Fiona Apple made her music debut at only 18 years old. In the following 24 years, she released three more albums that left her with 10 million albums sold worldwide. But it also left her with a tumultuous relationship with her music and the media. After The Idler Wheel…, Apple went dark once again.
Fetch the Bolt Cutters brings a new side to Fiona Apple’s music. Apple seems to have found a way to capture all the ups and downs of life on one record. Depression, love, relationships and power dynamics are woven through the album and are complemented by thick, rhythmic instrumentation. Fetch the Bolt Cutters brings a new maturity to the same concepts from previous albums.
Instrumentation-wise, the music reflects not just the lyrics, but the setting in which the record was made. In a detailed New Yorker piece, Apple talks about the long process behind the powerful, sometimes even violent, percussive nature of the album. The record contains sometimes simpler arrangements in terms of number of instruments than previous works, but the rhythms in each song are complex and driving. Some songs have dogs barking, a clanging metal butterfly and even Cara Delevingne singing the words “Fetch the Bolt Cutters.”
The title track tackles the history of Apple’s relationship with the music industry and people who tried to push her down along the way. On “Fetch the Bolt Cutters,” she sings:
“Those it girls hit the ground
Comparing the way I was to the way she was
Sayin’ I’m not stylish enough and I cry too much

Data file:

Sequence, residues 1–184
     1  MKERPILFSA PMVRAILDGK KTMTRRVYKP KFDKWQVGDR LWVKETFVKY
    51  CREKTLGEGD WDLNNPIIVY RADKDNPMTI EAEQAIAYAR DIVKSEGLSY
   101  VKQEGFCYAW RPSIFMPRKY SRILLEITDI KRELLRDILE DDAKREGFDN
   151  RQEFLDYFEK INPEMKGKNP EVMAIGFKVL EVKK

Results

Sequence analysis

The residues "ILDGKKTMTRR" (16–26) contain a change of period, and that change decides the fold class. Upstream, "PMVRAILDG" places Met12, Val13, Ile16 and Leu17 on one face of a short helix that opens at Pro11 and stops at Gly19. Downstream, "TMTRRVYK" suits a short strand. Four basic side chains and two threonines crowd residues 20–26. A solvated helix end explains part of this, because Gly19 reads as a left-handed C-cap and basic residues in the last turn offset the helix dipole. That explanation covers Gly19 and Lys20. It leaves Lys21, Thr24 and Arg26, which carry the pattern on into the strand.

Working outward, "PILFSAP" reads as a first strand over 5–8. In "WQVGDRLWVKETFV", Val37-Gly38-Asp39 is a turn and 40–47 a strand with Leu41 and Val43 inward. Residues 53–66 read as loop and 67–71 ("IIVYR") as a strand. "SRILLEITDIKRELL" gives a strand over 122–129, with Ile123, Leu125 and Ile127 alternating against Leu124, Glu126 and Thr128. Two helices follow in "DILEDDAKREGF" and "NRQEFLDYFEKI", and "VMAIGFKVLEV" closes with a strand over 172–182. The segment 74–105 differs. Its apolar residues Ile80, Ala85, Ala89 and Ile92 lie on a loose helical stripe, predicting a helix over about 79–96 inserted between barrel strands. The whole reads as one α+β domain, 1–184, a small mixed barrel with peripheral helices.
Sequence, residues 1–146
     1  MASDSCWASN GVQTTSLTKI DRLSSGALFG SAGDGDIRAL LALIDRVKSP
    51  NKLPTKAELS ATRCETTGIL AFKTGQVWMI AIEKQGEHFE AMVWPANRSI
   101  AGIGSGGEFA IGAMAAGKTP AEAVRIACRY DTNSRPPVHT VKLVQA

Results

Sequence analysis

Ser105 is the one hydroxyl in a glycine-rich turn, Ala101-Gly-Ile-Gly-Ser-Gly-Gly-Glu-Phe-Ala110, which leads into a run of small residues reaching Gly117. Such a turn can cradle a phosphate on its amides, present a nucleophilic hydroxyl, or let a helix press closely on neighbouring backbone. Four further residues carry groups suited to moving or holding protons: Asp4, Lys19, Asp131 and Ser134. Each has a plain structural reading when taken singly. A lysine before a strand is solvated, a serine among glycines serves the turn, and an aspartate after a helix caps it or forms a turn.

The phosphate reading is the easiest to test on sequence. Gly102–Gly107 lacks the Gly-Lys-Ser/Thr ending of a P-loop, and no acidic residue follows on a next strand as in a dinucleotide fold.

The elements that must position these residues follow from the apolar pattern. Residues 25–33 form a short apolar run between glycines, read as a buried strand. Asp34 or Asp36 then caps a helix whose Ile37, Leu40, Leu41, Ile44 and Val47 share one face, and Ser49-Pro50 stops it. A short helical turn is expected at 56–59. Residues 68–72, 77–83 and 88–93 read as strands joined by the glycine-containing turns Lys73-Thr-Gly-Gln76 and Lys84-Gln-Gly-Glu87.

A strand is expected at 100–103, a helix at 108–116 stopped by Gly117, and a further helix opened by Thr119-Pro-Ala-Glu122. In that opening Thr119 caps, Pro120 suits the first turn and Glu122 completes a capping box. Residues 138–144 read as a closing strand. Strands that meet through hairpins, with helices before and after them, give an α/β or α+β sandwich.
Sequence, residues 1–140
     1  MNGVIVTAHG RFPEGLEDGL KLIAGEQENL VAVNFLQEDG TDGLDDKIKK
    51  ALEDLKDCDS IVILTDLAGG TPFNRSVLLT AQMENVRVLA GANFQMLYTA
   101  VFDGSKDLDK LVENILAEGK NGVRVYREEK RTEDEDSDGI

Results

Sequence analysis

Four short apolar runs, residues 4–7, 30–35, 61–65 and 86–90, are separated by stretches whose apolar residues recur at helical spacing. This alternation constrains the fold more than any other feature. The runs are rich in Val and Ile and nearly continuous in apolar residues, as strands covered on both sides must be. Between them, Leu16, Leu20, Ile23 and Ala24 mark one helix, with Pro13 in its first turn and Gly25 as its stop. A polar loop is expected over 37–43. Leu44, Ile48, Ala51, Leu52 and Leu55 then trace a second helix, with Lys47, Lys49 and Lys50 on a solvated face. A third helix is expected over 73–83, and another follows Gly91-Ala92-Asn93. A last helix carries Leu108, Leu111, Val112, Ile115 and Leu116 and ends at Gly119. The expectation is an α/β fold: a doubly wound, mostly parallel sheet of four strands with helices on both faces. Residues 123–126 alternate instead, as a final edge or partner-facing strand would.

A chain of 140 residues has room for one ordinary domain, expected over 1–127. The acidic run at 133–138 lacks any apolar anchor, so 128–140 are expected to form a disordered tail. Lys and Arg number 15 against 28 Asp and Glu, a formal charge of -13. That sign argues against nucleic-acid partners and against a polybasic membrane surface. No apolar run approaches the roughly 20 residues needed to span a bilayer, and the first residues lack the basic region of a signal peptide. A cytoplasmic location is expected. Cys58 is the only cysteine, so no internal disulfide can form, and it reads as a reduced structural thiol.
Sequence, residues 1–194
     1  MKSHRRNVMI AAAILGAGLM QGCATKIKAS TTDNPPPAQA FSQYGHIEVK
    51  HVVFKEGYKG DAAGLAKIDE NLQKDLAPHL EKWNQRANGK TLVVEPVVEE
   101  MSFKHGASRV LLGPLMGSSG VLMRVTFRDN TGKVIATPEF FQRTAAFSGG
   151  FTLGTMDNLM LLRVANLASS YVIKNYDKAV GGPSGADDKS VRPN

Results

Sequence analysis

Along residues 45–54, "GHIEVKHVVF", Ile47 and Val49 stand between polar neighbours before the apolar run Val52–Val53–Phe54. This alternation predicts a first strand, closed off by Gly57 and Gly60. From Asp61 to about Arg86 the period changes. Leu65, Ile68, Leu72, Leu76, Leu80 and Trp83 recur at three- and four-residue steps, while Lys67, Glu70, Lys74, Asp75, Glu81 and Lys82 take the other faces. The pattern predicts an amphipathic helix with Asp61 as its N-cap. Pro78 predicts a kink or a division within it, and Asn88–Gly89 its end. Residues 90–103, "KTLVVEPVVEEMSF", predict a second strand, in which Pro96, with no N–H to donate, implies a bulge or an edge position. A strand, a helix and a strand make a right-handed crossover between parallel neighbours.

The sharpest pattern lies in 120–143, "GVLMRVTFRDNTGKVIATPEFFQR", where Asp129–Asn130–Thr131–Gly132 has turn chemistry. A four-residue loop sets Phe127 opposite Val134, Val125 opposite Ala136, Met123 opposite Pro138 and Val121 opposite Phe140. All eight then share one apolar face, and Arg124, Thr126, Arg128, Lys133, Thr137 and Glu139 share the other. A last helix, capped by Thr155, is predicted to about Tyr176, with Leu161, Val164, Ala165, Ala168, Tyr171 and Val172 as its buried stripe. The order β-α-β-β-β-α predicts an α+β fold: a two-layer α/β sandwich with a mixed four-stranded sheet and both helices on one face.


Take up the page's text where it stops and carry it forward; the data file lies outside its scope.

And I listened because I hadn’t found my own voice yet”
Reaching levels of fame at the age of 17 had its repercussions for Apple, including the media criticizing her looks. Apple was raped at age 12 and told Rolling Stone that it contributed to her struggle with an eating disorder, which was aggravated further by criticisms about the sexual nature of her first single and Grammy-winning song “Criminal.”
Another side of the album relates to feminism, female power and even the #MeToo movement. Apple pleads for women to bond and not become pawns by allowing men to pit them against each other.
“Ladies” is a song written like a message from a narrator for the women whom her ex will later be in a relationship with. She mentions how the “parallax view” that each person involved in a relationship makes it extremely complex. Apple told Vulture that the song is a reflection on how she feels about how “the other woman” should be treated; the blame put on the woman is unfair because she simply “fell in love with some guy.”
One of my personal favorites is “Rack of His.” The song feels like it is about several stories, but basically all of them are about being so deeply in love that you are blind. Apple sings about a man’s rack of guitars, comparing it to women “Lined up like eager fillies, outstretched like legs of Rockettes.”
I think this album is special because it marks a shift in the viewpoint of the characters in Fiona’s songs. I get the sense that she feels a little less lost and a lot more powerful, which shines through beautifully on the album.
Fetch The Bolt Cutters is angry and honest about all the right things. At the same time, despite all the anger and sadness and fear that people hold for others, we are all connected. “It’s this pulse,” Apple said. “And we all share it, and it sounds so cheesy. But it wasn’t in my head; it was out of it. It was among us all.”